This opinion piece was originally published in the Financial Times and has been reproduced here with permission. 

Victoria Tauli-Corpuz is the UN Special Rapporteur on the Rights of Indigenous Peoples and an indigenous leader of the Kankanaey Igorot people of the Cordillera region in the Philippines.

When I learnt that the Philippine government had accused me of being a terrorist, my immediate reaction was to hug my grandkids, fearing for their safety. Then, I started to speak out. Again.

I am the UN special rapporteur on the rights of indigenous peoples. My mandate is to report when communities anywhere in the world are forced to relocate, their lands uprooted, their leaders either deemed criminals or killed. Not everyone wants to hear it, but the message needs to be spread. In the Philippines, they are shooting the messengers.

The country leads Asia in the number of murders of indigenous and environmental activists, with 41 people killed last year. The most recently reported assassination was that of indigenous leader Ricardo Mayumi; he was killed this month for insisting that indigenous communities lived where the government wanted to place a dam.

I am one of hundreds of people on a new government list of “terrorists”. This list, on a legal petition filed in a Manila court, includes many indigenous leaders and activists and their legal representatives as well as four paramilitary group members, who are wanted for the killing of an indigenous leader in 2012.

In lumping its critics together with criminals, the government seeks to make us all guilty by association and, thus, the next targets of the vigilantes and rogue police officers who have led President Rodrigo Duterte’s bloody war against drugs. Now, he has started a new war — with new targets.

This is not the first time I have had to worry about government-sponsored violence. As a teenager, and member of the Kankanaey Igorot people, I joined the movement protesting against the Chico River Dam Project, which would have flooded our ancestral domain and displaced 300,000 people. Our leader, Macliing Dulag, was assassinated and many others were detained and tortured. But we did not give up and eventually the project was cancelled.

Later, I worked to set up health programmes for communities who lacked basic government services. The Marcos dictatorship viewed this endeavour as a threat and sent the national army in response to raid my home.

I have spent my life peacefully advocating for the rights of my people and other indigenous peoples around the world. I am sad to see the Philippines once again slipping towards the fascism that too many other nations have embraced, but I am not ready to give up now, either.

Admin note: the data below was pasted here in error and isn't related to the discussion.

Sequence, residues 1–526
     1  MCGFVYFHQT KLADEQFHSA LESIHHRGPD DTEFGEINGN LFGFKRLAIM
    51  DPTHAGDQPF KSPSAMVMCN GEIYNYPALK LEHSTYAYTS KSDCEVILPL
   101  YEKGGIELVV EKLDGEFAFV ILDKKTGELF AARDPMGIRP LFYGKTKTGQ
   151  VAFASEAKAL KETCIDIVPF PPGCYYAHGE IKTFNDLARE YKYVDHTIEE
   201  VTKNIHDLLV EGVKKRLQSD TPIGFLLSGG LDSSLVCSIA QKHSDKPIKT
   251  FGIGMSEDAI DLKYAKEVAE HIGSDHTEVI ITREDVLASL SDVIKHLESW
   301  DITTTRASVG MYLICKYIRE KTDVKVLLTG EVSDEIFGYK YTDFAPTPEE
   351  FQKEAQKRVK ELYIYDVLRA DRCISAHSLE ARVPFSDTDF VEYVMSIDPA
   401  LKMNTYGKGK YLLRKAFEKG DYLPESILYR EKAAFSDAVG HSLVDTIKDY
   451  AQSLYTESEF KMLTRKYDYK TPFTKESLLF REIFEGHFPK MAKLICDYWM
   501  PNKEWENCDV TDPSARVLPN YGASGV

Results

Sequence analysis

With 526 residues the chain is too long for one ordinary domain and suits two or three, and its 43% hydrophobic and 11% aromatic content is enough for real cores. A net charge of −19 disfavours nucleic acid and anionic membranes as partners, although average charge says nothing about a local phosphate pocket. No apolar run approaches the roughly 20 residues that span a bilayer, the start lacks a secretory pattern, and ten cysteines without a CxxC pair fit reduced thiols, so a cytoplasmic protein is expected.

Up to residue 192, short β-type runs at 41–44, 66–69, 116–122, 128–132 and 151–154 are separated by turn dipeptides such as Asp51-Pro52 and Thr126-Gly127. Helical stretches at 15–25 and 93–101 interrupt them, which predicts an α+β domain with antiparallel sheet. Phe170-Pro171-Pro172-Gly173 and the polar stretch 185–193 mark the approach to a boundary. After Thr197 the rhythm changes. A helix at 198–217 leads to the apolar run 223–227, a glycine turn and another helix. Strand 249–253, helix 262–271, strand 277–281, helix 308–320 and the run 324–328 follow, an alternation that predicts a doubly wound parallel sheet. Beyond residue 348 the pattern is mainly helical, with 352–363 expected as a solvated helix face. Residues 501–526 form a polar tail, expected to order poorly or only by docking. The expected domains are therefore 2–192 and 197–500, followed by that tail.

My colleagues insist that my name is on the list in retaliation for speaking out on rights abuses against indigenous peoples on the island of Mindanao. The UN has been trying to draw attention to this crisis since 2003, as corporate interests have colluded with government officials to clear the lands of their inhabitants, avoid obtaining the free, prior and informed consent of indigenous peoples, and remove the most outspoken leaders.

Their lands hold an estimated $1tn worth of natural resources that is coveted by foreign interests —but the local people already live off of these resources, sustainably, without transforming the environment. Like the vast majority of indigenous peoples around the world, many in Mindanao do not have legal titles to the lands their ancestors have lived on and protected for generations. Overnight, governments may declare them squatters and if bulldozers will not compel them to move, deadly force is often the next step. The killers are rarely brought to justice.

I have reported on the impact of these killings, and the “criminalisation” that often precedes them, throughout my travels on behalf of the UN, to Honduras, Brazil, Mexico and many other countries. I have seen the scars left by bullets and the graves of murdered leaders. The killings make news, but hidden behind these headlines is something even more insidious: the silencing of entire communities.

My next report to the UN will focus on the topic of indigenous criminalisation. We are hearing testimony from indigenous and community leaders, human rights officials, and academic experts from more than two dozen countries, and will issue an official report later this year.

As the government continues to press its case, I will have to include my own experience, even though it pales in comparison to what others have faced. If I am arrested, or personally attacked, this next UN report might be delayed, but I am only one of many messengers speaking out against the many violations of human rights.

You can keep shooting the messenger, but you will run out of bullets before we run out of messengers and, at the end of the day, the message will be heard.